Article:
Children play. Nobody has to show them how to do it; they're just born knowing. 

But as adults, we become so disconnected from it that we forget what it is and how to do it. Psychiatrist Stuart Brown, who founded the nonprofit organisation National Institute of Play in California, says: 'Play is an ancient, voluntary, inherently pleasurable, apparently purposeless activity or process that is undertaken for its own sake, and that strengthens our muscles and social skills, fertilises brain activity, tempers and deepens out emotions, take us out of time, and enables a state of balance and poise'. 

Play is happening when you are so engrossed in something you enjoy that you lost all sense of time and don't want it to end. It's where that inner critic finally shuts up, self-consciousness fades away, and we can open up to new possibilities.

When we're depressed, play can seem like a foreign concept.

In this state of 'flow', while there may be a goal, the activity is its own reward. The degree of difficulty is just enough to keep you interested but not so difficult that you're tempted to give up. 

Play opens up a more flexible mind, beckoning us to seek out novel thoughts and actions in response to the task at hand. Play builds physical, emotional, social and intellectual development. As we continue to play, we become more flexible and creative in the way that we approach things and therefore helps us foster a resilient mind. 

This balance of play is a feeling of engagement and satisfaction - the opposite of depression. The depression loop is fueled by negative emotions, self-judgments, disengagement, helplessness and isolation.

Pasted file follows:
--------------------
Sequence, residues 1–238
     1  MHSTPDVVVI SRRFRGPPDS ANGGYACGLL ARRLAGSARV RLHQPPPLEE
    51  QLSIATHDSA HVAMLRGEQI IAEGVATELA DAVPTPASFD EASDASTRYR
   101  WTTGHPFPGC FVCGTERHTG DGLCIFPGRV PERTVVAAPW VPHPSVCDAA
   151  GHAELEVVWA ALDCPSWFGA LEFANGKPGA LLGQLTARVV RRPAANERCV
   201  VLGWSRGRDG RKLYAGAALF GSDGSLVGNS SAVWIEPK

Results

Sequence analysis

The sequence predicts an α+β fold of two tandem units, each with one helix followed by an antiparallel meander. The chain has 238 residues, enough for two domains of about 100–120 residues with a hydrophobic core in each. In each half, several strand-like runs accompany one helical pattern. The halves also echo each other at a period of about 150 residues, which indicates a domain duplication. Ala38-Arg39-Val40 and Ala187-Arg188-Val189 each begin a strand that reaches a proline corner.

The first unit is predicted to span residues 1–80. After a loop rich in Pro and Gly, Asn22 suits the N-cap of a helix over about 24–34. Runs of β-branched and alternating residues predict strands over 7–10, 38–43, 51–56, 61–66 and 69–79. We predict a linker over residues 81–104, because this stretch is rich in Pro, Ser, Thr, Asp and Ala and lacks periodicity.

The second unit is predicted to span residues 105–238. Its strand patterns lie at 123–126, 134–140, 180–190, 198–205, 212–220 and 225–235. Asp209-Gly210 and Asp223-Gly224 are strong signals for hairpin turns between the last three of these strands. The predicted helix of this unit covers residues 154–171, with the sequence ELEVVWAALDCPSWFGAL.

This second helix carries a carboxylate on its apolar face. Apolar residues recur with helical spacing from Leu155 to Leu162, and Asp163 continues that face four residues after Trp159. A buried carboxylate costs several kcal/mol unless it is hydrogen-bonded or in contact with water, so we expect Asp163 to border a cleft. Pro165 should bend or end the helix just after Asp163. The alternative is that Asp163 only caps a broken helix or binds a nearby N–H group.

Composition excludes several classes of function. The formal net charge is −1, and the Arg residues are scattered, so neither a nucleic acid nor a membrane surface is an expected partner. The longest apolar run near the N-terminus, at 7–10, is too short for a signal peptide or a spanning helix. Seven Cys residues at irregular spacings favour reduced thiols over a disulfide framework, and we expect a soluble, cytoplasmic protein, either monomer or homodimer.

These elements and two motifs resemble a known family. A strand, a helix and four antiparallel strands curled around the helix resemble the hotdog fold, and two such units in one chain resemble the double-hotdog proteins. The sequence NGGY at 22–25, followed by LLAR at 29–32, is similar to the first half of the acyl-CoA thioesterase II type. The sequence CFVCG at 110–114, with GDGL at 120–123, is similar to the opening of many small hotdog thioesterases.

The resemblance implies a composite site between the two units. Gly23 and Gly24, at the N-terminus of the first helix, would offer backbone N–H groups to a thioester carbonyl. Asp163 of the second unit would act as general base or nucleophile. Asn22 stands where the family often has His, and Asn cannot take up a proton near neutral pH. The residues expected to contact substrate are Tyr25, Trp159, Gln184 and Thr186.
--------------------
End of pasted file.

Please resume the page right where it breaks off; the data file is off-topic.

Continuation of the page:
Play inspires the exact opposite qualities and takes away this fuel. When we're depressed, play can seem like a foreign concept. Sometimes when I ask my depressed clients what they envision when I say the word 'play' they look at me with a blank stare.

So I set about asking people what play meant to them. I found that many people I spoke with had a hard time conceiving what play is for grown-ups, because it's different from child's play, which was the only kind of play they knew. 

In fact, in a culture that prizes productivity, adult play seems to be defined as a negative, unproductive, self-indulgent activity. I believe that we need to update our definition of play. My questioning led me to believe that play means different things to different people. 

For example, after my kids go to bed, I enjoy playing around in the kitchen making homemade granola - but my wife would see this as a decidedly unplayful chore. One of my clients revealed that her 'guilty pleasure' was lying down in her pyjamas and immersing herself in Game of Thrones, a purposeless yet pleasurable activity.

In order to rediscover play in your life, it's helpful to look back in your past.

She was surprised to identify that as a moment of play for her, and she no longer felt guilty about it. She had redefined what play was.

In order to rediscover play in your life, it's helpful to look back in your past and see how you played and what gave you joy. Your experiences from childhood are stored as encoded memories that inform your perceptions today. 

Recalling them can provide clues to what gives you joy now, as an adult. Take a moment to think about how you played as a kid. Was it alone or with friends? What did you enjoy most? Maybe you engaged in imaginary play with dolls or invisible friends. You may have spent hours building Lego castles. Or maybe life felt most enjoyable when you were outside playing sport. Whatever you choose, make sure that it gives you a sense of release from your day to day life.